Sometimes, a person with dementia may be reluctant to wear a medical ID. Here are some suggestions to help encourage the person to wear an ID.

  • If possible, involve the person with dementia in the sign up process. Signing up for MedicAlert® Safely Home® provides peace of mind, similar to insurance; you never know when you may need help. Having the bracelet will empower emergency responders to make informed decisions in emergency situations.
  • Present the bracelet as a gift from a grandchild or another family member who is close to the person with dementia.
  • Ask your family doctor or other health-care professional to speak to the person with dementia about how the bracelet can help them in an emergency.
  • If another family member or friend wears a MedicAlert bracelet, have them present the MedicAlert® Safely Home® bracelet to the person with dementia so they can see they’re not alone.
  • Talk with your local Alzheimer Society support staff about other strategies.
How can I help people with dementia in my community?

Contrary to what you might think, the person most likely to assist a person with dementia, is not a police officer or an emergency responder, but a Good Samaritan.

If you see someone in your community who is alone and appears confused or is dressed inappropriately for the weather, follow these steps:

  • Approach them from the front and ask if you can help.
  • Smile! Speak slowly, clearly and use simple words. Tell them your name and why you’ve approached them. For example, “You seem like you are looking for something. Can I help you find it?”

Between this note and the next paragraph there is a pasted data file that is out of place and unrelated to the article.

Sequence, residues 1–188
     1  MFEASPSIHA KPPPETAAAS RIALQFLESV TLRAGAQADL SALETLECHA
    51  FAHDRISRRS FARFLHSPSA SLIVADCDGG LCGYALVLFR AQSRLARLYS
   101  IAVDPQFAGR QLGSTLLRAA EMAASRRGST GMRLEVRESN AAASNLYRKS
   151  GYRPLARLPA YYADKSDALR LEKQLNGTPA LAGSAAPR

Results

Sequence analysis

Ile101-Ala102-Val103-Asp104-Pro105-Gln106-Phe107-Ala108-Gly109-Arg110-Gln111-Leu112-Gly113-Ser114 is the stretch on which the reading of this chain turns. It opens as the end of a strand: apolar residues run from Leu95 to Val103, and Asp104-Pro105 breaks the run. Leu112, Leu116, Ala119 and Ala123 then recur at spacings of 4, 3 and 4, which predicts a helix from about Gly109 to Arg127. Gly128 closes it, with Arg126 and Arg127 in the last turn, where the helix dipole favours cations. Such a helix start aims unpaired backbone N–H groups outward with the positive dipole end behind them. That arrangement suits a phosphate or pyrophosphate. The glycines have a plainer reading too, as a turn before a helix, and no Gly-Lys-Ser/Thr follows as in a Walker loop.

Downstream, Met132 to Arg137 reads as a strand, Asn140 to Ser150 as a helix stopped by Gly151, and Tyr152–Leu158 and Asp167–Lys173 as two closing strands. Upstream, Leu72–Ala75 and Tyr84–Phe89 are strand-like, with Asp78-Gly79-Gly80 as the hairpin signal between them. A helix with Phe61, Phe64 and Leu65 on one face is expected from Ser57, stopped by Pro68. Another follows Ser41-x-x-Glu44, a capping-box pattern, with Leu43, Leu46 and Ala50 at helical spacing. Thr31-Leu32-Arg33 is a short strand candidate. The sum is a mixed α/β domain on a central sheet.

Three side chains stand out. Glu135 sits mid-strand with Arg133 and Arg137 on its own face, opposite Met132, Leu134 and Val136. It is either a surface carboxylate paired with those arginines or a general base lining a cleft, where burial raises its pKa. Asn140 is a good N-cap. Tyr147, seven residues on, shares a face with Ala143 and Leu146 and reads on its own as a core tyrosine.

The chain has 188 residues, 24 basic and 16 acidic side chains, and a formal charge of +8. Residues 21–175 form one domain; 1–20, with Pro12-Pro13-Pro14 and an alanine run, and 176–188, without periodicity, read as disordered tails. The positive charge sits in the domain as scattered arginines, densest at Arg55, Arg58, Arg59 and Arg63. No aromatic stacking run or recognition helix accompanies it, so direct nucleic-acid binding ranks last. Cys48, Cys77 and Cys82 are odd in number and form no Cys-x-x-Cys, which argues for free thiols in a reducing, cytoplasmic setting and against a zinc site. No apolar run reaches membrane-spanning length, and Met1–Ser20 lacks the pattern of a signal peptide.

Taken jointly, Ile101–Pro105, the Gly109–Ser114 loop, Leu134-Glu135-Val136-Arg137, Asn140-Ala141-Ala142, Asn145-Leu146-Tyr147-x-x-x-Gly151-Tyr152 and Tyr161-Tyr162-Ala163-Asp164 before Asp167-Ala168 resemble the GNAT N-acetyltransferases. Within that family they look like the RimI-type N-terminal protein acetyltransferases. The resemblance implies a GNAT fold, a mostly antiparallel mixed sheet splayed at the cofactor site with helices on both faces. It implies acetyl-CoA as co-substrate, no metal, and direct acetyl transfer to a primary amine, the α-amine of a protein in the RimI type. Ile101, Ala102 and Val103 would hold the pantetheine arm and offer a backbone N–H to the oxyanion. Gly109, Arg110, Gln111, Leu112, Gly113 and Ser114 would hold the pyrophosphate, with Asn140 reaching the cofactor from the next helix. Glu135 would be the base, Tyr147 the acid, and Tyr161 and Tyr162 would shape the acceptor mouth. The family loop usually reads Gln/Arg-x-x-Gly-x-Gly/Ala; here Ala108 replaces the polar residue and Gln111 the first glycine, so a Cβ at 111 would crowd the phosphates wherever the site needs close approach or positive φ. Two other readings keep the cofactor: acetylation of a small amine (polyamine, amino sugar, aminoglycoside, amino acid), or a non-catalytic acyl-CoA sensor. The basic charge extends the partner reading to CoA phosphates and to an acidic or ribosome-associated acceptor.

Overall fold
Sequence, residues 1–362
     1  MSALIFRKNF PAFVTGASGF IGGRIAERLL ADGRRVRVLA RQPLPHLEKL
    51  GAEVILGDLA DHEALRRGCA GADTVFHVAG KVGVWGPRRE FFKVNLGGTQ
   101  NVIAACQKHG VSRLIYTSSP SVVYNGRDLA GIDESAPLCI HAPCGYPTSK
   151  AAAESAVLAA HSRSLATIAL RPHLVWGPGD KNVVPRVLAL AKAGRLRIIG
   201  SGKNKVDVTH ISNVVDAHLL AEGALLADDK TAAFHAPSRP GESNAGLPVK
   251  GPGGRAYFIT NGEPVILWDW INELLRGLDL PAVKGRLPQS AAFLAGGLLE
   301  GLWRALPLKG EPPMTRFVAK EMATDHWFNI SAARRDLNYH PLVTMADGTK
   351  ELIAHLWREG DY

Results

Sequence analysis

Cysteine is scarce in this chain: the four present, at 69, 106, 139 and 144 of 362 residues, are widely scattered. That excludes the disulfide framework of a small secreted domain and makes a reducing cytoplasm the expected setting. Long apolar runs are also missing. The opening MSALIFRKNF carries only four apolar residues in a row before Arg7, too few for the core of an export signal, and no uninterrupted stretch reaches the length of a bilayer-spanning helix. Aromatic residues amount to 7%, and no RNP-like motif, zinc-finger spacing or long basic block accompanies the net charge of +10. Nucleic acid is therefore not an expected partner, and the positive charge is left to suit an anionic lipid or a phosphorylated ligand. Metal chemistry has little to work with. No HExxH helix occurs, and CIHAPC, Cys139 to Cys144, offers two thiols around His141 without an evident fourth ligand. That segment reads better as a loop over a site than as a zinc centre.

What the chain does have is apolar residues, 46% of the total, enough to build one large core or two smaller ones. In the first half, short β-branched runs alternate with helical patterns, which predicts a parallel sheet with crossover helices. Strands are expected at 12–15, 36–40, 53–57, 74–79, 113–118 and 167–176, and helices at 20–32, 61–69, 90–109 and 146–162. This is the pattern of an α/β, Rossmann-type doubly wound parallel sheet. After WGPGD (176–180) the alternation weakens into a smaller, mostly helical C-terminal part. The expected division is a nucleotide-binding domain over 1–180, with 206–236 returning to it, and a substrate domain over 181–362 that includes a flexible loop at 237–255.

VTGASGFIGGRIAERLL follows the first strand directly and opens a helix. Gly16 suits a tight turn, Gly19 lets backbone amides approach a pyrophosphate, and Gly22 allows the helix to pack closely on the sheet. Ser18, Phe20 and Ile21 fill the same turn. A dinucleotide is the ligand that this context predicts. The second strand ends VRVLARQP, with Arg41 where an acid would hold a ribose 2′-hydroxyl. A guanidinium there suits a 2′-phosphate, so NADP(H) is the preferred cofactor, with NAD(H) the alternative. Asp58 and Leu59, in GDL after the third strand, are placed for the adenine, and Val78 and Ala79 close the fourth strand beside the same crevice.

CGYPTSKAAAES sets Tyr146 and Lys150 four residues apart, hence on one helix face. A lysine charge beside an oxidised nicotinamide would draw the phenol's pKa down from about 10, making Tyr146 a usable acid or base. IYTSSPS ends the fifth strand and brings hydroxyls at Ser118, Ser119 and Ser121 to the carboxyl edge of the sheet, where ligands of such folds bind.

• Give them time to respond. Use gestures or repeat your question if necessary.
  • Ask if you can check their wrist. If you see a MedicAlert® Safely Home® bracelet, call the MedicAlert® 24/7 Emergency Hotline number engraved on the back immediately.
  • Provide the ID to the hotline specialists and stay with the person until a responder arrives.
  • If you’re unsure about approaching the person, call police to assist.

For more strategies, check out 10 Communication Tips. This pocket sheet for first responders has helpful tips that anyone can use when talking a person with dementia.

Generally, always keep track of the following:

Ensure that the person with dementia wears their MedicAlert® bracelet at all times.

Keep a current photo of the person on hand. Change it every six months to reflect their current appearance.

Keep your MedicAlert® Safely Home® contact and personal information up to date by calling 1-855-581-3794.

      We are here to help! Contact your local Alzheimer Society and visit our Safety page for more information on living safely with dementia.

      More helpful resources:

      Finding Your Way

      The Finding Your Way® website has practical information, including tips on how to assist a person with dementia to live as safely as possible in their community. Resources are available in 12 languages: Italian, Spanish, Portuguese, English, French, Cantonese, Mandarin, Punjabi, Tagalog, Arabic, Urdu and Tamil.

      To learn more, visit Note: some resources on this site are specific to Ontario only.

      Last Updated: 02/06/2020